School Nurse Organization of Minnesota History

By Susan Nokleby, MS, RN, LSN, NCSN posted 01-31-2019 16:09

  


School nursing began in Minnesota in 1909. Miss Virginia Rice was the first school nurse hired to work in St. Paul Public Schools. At the time, many communicable diseases kept students home from school. Starting in 1959 as part of the Public Health Baccalaureate Nursing Program, the University of Minnesota offered a three-credit course “The Nurse in the School.” Minnesota mandated certification of school nurses, which included a baccalaureate degree in nursing and a public health certificate in 1961.

A memorable year for school nursing in Minnesota was 1968. SNOM organized as a branch of Minnesota Education Association (MEA) with 71 members. Two school nurse delegates went to the National Education Association (NEA) convention in Dallas that year. At that convention, the Department of School Nurses formed as an affiliate of NEA. The Department of School Nurses later lead to the National Association of School Nurses (NASN). SNOM affiliated with the NEA Department of School Nurses. SNOM had their first conference during the 1968 MEA convention.

In 1979, the term “Licensed School Nurse” (LSN) became the credentials for school nurses under the Minnesota Department of Education. LSN certification required baccalaureate degree and public health certification. In 1988, Minnesota State legislation passed to require “...school districts with 1,000 or more must employ at least one full-time licensed school nurse.” That same legislation is still in effect.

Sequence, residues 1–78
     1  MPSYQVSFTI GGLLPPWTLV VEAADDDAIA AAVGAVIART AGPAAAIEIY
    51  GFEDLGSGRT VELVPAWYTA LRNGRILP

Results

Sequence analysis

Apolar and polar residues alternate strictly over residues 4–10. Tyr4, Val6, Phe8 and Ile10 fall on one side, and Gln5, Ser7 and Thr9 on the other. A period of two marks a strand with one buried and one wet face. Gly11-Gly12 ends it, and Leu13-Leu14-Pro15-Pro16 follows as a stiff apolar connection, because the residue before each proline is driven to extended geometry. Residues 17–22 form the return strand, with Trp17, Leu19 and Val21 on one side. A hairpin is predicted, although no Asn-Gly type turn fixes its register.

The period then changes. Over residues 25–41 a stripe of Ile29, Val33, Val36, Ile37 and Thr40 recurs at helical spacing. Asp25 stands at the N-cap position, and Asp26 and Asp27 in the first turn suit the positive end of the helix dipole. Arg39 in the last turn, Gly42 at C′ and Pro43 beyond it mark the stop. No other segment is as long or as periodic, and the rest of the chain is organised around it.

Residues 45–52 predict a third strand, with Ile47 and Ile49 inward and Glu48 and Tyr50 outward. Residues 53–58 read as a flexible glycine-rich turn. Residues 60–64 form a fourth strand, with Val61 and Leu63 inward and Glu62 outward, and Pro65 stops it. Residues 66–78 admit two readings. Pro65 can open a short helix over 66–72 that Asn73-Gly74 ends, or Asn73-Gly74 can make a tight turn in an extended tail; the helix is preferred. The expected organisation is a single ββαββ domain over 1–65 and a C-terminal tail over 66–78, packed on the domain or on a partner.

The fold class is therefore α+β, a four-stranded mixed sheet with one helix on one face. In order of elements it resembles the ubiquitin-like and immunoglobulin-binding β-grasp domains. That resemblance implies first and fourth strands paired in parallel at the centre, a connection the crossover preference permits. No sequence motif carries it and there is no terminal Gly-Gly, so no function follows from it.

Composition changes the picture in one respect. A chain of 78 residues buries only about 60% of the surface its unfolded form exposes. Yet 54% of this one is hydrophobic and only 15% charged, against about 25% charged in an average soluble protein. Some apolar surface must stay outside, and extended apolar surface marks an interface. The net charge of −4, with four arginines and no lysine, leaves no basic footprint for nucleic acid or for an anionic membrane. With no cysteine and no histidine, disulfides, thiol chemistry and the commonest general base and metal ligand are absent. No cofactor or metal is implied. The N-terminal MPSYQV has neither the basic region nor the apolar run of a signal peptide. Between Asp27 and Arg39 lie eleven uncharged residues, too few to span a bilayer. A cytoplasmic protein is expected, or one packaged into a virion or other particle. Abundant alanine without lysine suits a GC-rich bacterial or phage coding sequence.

SNOM developed a website https://www.minnesotaschoolnurses.org/ in 2001. In 2006, SNOM members voted to have a unified membership with NASN. Three NASN presidents and two secretary/treasurers have come from Minnesota. In 2009, SNOM celebrated 100 years of school nursing in Minnesota. For the first time in 2018, the SNOM conference was American Nurses Credentialing Center (ANCC) certified.

Current projects SNOM is working on include revamping of the strategic plan, advocating for safe medication disposal legislation, strengthening our legislative connections, reviewing the 1988 Minnesota school nurse legislation, expanding SNOM’s research and public relations committees, and planning the next SNOM conference.

SNOM continues to advocate with the mission “The School Nurse Organization of Minnesota advances excellence in school nursing practice to promote student health for student success” through active committees and membership involvement.

Reference: School Nurse Organization of Minnesota, 2009. https://www.minnesotaschoolnurses.org/about-us/100-year-celebration-school-nursing

Authors and editors: Mary Heiman, Deb Mehr, Sue Nokleby, Sue Will and Liz Zeno

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Being a member of SNOM and NASN has been an incredible professional experience.  I am so grateful to be associated with SNOM.

03-20-2019 12:12

I'm so proud to be a school nurse in a state with such a rich history.  Thank you to all of the authors!
Minnesota boasts strong school nursing leaders!  Clearly your history demonstrates a progressive organization supporting the health of children and school nursing practice.   Thank you for sharing the rich history of SNOM.